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From its start as a small dry-goods store in Wyoming to its national presence today, this retailer has maintained its commitment to serving its customers well.

 

 

 

 

 

Profile
  • Headquarters: Plano, Texas
  • Founding year: 1902
  • Number of locations as of January 2011: 1,108
  • Private Brands: a.n.a., Ambrielle, Arizona, cooks, Decree, J. Ferrar, Linden Streetn, Okie Dokie, St. John’s Bay, Stafford, Studio, Worthington
  • FY 2010 Revenue: $17.8 billion

James Cash Penney originally called his stores the Golden Rule because it was his personal and business philosophy to treat others the way he would want to be treated. It’s a philosophy that has carried through as the company expanded from a small dry-goods store in Kemmerer, Wyo. to a national $17.6 billion retailer with more than 1,100 department stores throughout the US and Puerto Rico. In 1913, Penney’s growing chain of stores expanded into Utah and became JCPenny Company, Inc. Its headquarters was moved from Salt Lake City to New York City in 1914 to be closer to its major sources of merchandise. But since 1992, the company has been headquartered in Plano, Texas.

One of the company’s earlier logos proclaimed it to be a “nationwide institution,” which described its evolution well. At one point, more than 2,000 of its stores were found on America’s main streets and in major shopping centers across the nation. After World War II, JCPenney expanded along with its customers into suburban areas and later into regional malls. The company’s catalogue was created in 1963, and, in 1994, JCPenney’s first website began selling merchandise via the web.

Throughout the years, JCPenney’s founding Golden Rule mentality has stuck, and the company has maintained its commitment to the surrounding communities and ethical work practices. In 2007, JCPenney published its first corporate social responsibility report, emphasizing its commitment to good corporate citizenship through the support of environmental, social, and ethical initiatives.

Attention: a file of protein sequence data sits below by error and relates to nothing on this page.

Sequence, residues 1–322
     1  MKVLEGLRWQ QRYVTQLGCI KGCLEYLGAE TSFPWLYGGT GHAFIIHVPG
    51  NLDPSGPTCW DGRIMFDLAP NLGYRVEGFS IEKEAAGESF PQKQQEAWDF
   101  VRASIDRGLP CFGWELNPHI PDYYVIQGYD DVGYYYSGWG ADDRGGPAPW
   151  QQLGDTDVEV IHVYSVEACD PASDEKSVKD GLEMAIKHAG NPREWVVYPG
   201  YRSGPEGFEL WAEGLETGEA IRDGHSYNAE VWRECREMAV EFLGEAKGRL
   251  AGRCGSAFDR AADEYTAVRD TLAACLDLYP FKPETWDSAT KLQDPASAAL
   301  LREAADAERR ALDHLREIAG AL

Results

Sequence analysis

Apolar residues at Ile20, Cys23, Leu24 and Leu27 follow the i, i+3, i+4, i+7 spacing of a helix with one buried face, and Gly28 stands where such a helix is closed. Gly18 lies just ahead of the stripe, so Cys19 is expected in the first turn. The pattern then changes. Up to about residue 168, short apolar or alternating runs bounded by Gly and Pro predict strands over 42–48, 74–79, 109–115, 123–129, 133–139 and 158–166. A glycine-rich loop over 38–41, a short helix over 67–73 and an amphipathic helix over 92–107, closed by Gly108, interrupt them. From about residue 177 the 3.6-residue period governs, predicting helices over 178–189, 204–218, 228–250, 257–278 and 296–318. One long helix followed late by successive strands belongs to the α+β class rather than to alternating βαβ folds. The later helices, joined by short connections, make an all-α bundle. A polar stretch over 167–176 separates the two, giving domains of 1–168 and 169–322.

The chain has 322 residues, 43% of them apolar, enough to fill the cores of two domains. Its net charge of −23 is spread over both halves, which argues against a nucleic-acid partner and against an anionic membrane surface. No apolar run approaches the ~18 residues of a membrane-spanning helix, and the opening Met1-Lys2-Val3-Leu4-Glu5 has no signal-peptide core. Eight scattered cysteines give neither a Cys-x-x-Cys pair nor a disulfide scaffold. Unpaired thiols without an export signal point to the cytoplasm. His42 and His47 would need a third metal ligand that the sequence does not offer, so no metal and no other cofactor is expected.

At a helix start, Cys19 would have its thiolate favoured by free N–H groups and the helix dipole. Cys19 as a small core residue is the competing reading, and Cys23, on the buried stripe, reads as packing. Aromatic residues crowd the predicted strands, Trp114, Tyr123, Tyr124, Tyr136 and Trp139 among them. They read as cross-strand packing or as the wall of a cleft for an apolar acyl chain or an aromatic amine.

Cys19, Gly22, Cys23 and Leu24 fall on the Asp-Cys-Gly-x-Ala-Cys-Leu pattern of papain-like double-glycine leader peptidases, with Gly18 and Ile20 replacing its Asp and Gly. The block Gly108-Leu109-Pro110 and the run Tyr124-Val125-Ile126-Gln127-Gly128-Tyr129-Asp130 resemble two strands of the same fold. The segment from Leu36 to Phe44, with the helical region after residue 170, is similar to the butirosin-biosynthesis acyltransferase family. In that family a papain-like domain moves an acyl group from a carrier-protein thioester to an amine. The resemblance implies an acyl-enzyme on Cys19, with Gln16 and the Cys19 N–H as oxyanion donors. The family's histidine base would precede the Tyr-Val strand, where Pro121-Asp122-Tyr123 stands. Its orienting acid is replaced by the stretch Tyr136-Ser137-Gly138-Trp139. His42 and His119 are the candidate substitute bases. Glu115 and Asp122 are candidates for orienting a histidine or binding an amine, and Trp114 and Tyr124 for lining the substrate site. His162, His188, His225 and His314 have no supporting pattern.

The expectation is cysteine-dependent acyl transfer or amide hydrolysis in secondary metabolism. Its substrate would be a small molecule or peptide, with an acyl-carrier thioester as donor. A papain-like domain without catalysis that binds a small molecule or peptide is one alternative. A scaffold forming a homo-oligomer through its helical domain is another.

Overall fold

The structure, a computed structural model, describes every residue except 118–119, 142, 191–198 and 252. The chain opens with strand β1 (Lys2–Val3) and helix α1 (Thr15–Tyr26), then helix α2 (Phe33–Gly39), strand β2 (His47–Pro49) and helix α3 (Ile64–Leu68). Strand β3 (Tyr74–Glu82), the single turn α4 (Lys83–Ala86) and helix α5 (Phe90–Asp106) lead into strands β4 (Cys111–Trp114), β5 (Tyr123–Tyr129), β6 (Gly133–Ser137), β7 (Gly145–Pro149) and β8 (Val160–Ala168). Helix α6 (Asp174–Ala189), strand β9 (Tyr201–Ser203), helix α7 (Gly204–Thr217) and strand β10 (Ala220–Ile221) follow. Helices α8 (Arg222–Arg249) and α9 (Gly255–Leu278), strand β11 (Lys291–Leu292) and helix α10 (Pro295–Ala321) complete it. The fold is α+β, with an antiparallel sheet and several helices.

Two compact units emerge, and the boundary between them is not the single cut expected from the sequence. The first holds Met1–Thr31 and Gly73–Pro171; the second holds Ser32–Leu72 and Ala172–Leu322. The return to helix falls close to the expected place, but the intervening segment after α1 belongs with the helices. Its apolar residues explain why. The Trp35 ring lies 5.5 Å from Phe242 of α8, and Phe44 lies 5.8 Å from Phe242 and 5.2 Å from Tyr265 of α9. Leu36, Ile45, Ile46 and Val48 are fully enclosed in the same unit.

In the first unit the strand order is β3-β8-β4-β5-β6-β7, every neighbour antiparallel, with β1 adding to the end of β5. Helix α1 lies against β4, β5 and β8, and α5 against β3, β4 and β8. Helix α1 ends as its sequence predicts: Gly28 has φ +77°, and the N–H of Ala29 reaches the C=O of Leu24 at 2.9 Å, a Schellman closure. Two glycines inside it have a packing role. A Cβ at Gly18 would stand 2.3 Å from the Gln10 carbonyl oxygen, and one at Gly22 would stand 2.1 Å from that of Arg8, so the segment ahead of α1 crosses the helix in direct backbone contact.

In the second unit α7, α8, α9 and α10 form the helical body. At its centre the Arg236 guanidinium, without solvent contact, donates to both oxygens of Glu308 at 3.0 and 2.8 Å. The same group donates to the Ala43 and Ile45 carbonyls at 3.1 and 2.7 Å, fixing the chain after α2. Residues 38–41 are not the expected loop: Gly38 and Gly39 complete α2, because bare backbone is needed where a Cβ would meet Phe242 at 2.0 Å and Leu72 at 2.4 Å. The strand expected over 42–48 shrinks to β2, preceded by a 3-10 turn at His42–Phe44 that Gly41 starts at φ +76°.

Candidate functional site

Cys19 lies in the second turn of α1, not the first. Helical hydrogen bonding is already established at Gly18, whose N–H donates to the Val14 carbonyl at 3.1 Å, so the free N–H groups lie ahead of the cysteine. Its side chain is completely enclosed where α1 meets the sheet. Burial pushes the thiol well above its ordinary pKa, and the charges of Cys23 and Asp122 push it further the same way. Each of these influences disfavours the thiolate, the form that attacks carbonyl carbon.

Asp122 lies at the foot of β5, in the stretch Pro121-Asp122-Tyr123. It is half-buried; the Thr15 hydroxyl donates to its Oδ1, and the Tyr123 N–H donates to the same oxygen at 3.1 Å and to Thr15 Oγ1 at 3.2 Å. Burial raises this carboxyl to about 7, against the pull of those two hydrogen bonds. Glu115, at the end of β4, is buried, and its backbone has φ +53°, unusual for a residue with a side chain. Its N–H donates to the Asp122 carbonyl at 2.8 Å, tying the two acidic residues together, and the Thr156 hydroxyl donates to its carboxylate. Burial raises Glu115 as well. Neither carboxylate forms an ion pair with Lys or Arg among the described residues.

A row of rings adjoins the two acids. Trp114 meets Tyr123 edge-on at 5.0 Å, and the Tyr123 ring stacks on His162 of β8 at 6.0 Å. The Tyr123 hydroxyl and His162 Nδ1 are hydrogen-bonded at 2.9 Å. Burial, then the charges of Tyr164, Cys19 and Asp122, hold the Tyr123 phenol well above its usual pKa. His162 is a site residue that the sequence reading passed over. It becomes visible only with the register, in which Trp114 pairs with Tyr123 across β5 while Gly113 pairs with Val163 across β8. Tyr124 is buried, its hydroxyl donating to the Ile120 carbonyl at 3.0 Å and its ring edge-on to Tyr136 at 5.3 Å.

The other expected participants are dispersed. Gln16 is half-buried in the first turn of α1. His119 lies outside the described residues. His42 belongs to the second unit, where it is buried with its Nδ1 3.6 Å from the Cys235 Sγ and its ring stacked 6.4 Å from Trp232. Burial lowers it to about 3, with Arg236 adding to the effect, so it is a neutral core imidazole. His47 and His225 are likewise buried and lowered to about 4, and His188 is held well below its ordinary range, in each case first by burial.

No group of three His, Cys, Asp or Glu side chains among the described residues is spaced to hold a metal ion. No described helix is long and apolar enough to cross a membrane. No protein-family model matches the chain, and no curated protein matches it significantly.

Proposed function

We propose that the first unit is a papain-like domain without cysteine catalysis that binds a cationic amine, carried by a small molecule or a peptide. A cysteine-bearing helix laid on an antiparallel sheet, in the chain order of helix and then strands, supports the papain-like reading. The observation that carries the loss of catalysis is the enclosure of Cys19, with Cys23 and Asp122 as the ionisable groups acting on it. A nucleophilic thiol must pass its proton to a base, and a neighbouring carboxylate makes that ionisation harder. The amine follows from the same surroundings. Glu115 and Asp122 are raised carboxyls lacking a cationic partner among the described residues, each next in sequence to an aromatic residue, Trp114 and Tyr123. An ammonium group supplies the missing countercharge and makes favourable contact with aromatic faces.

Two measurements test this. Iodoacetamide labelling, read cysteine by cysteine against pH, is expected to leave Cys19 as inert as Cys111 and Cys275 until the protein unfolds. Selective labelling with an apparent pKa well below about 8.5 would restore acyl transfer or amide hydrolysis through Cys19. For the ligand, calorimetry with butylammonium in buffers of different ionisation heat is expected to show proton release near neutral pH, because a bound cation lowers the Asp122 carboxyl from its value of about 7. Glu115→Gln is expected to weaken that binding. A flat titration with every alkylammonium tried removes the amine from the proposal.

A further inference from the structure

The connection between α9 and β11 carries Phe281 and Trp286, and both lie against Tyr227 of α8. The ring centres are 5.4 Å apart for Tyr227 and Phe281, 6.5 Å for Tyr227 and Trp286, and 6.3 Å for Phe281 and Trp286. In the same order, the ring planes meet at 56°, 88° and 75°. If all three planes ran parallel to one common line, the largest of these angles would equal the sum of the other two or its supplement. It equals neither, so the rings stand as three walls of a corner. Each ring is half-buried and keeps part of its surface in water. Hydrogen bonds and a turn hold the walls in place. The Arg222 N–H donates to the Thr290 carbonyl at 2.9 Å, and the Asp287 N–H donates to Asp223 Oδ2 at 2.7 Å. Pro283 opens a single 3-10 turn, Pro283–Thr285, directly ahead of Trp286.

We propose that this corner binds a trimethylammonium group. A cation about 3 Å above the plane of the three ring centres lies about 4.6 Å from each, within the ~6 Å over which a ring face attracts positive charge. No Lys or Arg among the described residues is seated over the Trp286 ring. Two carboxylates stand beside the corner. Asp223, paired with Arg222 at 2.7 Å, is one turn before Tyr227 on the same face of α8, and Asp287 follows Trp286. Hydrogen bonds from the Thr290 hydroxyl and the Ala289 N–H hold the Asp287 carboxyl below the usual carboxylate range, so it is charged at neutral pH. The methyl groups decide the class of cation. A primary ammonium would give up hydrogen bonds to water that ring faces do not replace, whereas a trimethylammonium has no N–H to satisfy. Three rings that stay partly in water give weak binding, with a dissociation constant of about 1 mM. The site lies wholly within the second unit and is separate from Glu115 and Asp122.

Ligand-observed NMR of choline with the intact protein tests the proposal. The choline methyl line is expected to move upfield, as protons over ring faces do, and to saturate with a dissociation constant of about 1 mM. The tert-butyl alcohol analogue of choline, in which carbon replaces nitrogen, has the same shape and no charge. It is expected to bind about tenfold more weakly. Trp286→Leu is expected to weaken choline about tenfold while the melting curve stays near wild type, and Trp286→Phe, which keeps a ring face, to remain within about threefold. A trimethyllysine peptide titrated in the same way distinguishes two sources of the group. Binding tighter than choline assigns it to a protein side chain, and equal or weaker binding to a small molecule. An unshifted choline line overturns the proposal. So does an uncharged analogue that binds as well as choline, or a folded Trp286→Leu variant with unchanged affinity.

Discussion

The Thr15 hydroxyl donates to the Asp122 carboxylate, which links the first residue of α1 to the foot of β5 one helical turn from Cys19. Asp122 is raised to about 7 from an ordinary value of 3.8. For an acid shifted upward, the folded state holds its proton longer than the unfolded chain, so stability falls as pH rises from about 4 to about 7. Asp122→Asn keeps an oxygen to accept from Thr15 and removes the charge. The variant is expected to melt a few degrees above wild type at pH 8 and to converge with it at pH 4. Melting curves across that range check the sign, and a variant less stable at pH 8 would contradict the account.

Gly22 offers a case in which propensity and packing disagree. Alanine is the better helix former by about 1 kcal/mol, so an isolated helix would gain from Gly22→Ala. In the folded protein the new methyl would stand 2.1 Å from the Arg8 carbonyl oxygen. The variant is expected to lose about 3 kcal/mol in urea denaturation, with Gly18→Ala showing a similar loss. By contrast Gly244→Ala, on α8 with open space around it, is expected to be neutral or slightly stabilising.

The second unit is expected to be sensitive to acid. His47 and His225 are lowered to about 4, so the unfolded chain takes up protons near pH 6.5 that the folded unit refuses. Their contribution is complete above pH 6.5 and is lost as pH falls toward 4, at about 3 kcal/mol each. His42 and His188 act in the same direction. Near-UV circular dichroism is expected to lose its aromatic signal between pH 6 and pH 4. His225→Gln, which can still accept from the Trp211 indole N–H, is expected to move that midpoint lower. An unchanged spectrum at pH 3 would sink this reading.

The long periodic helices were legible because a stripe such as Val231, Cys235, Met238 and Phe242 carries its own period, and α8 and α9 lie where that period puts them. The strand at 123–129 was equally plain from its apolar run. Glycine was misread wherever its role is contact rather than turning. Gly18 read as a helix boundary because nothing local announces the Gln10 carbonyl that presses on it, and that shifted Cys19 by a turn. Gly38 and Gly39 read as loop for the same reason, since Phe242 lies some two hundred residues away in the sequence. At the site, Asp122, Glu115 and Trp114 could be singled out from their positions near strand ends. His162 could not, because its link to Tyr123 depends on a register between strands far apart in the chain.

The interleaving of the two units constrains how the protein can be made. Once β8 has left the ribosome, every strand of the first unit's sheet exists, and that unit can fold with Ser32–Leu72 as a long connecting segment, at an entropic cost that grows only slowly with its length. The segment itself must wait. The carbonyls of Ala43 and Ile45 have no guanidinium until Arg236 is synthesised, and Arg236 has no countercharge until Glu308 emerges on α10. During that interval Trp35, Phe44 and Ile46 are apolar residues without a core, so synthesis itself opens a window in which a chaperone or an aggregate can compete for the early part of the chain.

This year, the company raised $6.7 million for its Afterschool Round-Up campaign. Shoppers were encouraged to round up their purchases to the nearest dollar and donate the difference to the company’s afterschool program. The program benefits more than 1,100 communities where a JCPenney store is located and is aimed at providing students with life-enriching activities when the bell lets out for the day.

“Due to its popularity, JCPenney expanded the Round-Up program last year, and customers responded with their generosity and commitment to our nation’s youth by increasing donations 40% over 2009,” said Mike Theilmann, group executive vice president for JCPenney and chairman of the JCPenney Afterschool Fund. “This overwhelming support shows that when we all come together and donate a small amount in change, it can add up to make a big difference for local communities.”

The company recognized that its long-term success is thanks in part to its ability to leverage the skills of a unique workforce. Throughout the years, diversity and inclusion have remained on the forefront of how JCPenney conducts its business.

“At every level, we recognize the value that diverse perspectives bring to JCPenney,” said Myron Ullman, chairman of the board and CEO. “Inclusion and diversity are advantages that allow us to grow our business through our associates. By embracing these principles, we are building a culture that encourages teamwork, innovation, and exceptional performance. This will establish JCPenney as a growth leader in the retail industry.”

The company was recently named number one on DiversityInc’s annual ranking of the Top 50 Companies for Diversity. JCPenney was recognized for its best practices in diversity management, and this was the second year the company was included on the list. Its move from number 11 to number one signified the progress the company has made in recent years to promote a diverse workforce, generate customer loyalty, and foster the growth of diverse supplier relationships.

One of the greatest boons to JCPenney is its focus on brand power. In addition to its numerous private brands (which it develops and sources inhouse), it’s also brought in what it characterizes as destination brands—private, national, and exclusive brands (which account for 50% of its annual sales) such as Allen B., Bisou Bisou, Liz Claiborne/Claiborne, and One Kiss by Cindy Crawford.

In 2010, the company entered into an agreement with beauty company Sephora and brought the iconic brand into its boutiques to further differentiate its customers’ in-store experience. And in addition to its brick and mortar strategy, JCPenney’s online focus has brought it success, with sales through jcp.com reaching $495 million in the fourth quarter of 2010, a 6.7% increase over the previous year.

Ullman said, “Our performance in 2010 reflects the strides we have made to deliver on our operating goals and position JCPenney as a retail industry leader. This was particularly evident in the fourth quarter when the actions we took during the year—including new growth initiatives and improvements across our merchandise assortments, redefining the jcp.com experience, and driving efficiencies across our company—enabled us to achieve sales, marketshare, and profitability growth that surpassed our expectations.”